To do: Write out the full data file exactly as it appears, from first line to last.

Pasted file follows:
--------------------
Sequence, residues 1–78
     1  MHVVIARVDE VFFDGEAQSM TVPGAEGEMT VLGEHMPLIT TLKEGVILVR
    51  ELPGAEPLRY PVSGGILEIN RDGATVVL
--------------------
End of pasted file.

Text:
Sequence, residues 1–78
     1  MHVVIARVDE VFFDGEAQSM TVPGAEGEMT VLGEHMPLIT TLKEGVILVR
    51  ELPGAEPLRY PVSGGILEIN RDGATVVL